Venezuela: Maduro calls on armed groups to keep order amid electricity rationingPresident announces 30-day rationing plan and says pro-government
colectivos must ‘defend the peace of every block’ Nicolás Maduro said: ‘We are facing a group of monsters who want to destroy Venezuela.’ Photograph: AFP/Getty Images Venezuela’s authoritarian leader Nicolás Maduro has called on armed pro-government groups to help subdue unrest as he announced a 30-day electricity rationing plan set to inflict further pain on the population. In a televised address, Maduro said he had no choice but to take drastic measures while his government rebuilt key sections of Venezuela’s national grid following a succession of crippling power failures since 7 March. Experts and Maduro’s political opponents say the repeated collapse of Venezuela’s electricity system – which has left millions without light or water – is a consequence of years of neglect, corruption and incompetence. But in his late-night appearance Maduro repeated the Socialist party line that Venezuela had suffered a series of “brutish attacks” masterminded by his political opponents and their supporters in the White House. “We are facing a group of monsters who want to destroy Venezuela,” Maduro said, claiming their aim was to topple his government by “making the people and the country go mad”. Amid growing fears that Venezuela’s crisis could be moving into a violent new phase, Maduro instructed “revolutionary and patriotic” government supporters and armed pro-government gangs known as
colectivos to mobilize “to defend the peace of every
barrio, of every block”. “They will not take away our peace,” Maduro vowed. Last week Maduro’s second-in-command, Diosdado Cabello, appeared in a menacing video flanked by dozens of masked men and women who he referred to as “peace defenders” but who many fear have been tasked with violently repressing dissent. There were signs on Sunday that such groups had begun responding to the government’s calls. As further blackouts struck Venezuela and citizens took to the streets to protest, photographs and videos circulated appearing to show armed men confronting demonstrators in the capital, Caracas. Two protesters were reported to have been shot after burning blockades were set up in streets near the presidential palace. “We’re here fighting for water and power, we’ve gone twenty-some days without water,” Yofre Gamez, 32, told Reuters as shots rang out. In the western state of Zulia, perhaps the worst affected by the electricity crisis, opposition leaders claimed a 70-year-old woman had been shot dead by members of one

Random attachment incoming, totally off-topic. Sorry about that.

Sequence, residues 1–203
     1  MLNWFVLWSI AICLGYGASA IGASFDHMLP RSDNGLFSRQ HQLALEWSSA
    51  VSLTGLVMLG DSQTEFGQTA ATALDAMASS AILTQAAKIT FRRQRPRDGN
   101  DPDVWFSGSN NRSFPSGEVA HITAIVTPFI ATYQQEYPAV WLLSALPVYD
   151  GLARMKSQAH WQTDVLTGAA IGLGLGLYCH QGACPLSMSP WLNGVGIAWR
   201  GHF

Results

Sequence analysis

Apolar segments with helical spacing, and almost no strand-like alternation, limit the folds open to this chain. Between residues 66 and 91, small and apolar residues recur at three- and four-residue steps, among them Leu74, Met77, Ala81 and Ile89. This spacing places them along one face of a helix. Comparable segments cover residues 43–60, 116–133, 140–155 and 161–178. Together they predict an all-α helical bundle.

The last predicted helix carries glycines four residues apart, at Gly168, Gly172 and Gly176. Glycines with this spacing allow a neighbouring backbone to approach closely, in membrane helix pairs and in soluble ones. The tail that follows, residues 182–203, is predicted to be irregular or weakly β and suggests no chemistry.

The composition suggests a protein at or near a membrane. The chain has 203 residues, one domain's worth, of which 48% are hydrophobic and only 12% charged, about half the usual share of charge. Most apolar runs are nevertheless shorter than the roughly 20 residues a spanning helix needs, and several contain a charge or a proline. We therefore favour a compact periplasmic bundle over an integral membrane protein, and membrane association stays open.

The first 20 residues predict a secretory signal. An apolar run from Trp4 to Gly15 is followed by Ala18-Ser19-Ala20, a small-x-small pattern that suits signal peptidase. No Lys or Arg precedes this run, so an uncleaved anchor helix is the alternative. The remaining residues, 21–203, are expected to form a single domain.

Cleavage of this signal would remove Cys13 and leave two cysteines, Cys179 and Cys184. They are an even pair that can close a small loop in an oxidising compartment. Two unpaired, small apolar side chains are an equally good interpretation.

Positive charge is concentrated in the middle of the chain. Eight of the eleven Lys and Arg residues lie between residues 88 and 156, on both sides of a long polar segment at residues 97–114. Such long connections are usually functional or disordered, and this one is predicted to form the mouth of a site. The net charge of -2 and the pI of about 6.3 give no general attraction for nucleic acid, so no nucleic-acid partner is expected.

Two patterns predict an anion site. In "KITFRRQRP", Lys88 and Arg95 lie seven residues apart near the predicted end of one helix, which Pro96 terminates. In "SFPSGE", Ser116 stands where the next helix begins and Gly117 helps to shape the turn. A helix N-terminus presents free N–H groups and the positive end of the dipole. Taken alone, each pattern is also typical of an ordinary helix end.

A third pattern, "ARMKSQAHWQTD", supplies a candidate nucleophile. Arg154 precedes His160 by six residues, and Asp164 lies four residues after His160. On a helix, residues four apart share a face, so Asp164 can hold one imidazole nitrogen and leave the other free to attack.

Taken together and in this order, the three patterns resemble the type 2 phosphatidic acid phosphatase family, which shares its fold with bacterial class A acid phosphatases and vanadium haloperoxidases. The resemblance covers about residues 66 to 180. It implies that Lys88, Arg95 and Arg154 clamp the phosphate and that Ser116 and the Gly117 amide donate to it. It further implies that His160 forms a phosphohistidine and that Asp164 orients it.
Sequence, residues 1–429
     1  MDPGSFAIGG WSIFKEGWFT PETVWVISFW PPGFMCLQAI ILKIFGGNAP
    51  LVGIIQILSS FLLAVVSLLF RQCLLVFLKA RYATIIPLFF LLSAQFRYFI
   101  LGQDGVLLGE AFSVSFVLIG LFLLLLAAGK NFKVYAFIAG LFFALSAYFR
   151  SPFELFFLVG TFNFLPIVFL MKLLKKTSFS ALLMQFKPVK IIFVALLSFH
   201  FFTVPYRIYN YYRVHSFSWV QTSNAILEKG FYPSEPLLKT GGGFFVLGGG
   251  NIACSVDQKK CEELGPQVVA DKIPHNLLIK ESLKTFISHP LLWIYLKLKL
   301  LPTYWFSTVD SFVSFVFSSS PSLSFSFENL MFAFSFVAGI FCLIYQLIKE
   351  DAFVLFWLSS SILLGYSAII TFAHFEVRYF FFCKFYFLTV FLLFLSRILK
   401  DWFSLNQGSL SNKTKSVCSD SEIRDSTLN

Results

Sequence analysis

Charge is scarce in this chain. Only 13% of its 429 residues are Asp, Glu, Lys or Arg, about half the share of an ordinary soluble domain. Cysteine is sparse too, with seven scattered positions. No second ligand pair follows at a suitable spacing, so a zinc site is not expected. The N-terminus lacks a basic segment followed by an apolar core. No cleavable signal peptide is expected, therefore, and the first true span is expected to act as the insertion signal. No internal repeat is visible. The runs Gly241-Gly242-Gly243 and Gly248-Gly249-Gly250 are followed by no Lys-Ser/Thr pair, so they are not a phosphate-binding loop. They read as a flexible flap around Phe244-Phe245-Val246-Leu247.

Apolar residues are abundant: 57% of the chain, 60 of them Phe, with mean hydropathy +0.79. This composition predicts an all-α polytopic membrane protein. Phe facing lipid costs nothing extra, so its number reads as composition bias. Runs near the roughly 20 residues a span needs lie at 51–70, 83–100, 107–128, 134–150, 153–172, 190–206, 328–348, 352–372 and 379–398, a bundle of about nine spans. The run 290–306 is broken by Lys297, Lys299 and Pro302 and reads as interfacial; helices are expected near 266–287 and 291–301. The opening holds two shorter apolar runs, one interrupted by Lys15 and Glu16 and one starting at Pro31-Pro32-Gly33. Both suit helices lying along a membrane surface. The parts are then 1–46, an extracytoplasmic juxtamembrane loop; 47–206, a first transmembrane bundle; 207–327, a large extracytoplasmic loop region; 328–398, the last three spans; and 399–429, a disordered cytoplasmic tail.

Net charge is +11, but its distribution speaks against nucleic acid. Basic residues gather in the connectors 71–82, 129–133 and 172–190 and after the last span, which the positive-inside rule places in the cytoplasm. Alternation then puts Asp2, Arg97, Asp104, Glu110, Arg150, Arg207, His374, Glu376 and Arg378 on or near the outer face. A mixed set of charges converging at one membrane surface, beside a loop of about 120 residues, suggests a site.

colectivo during a protest. Footage also circulated on social media that appeared to show paramilitaries and police special forces searching a housing estate for protesters in Barquisimeto, Venezuela’s fourth largest city. Maduro’s challenger, Juan Guaidó, claimed such paramilitary groups were trying – but failing – to suppress popular opposition to Hugo Chávez’s successor, who has led Venezuela into economic crisis. “We must stay strong and stay in the streets,” tweeted Guaidó, who most western governments have recognized as Venezuela’s legitimate leader. The Venezuelan human rights group Provea said Maduro’s so-called “peace squads” were actually paramilitary gangs tasked with spreading violence and shooting protesters. “Maduro’s peace means violence against the people,” Provea said. As Venezuelans braced for weeks of hardship and uncertainty, Maduro urged them to have faith in his government – and in God. “God must accompany us with his blessings in this, the most difficult of battles that we must face,” Maduro said, before being applauded by senior political and military leaders.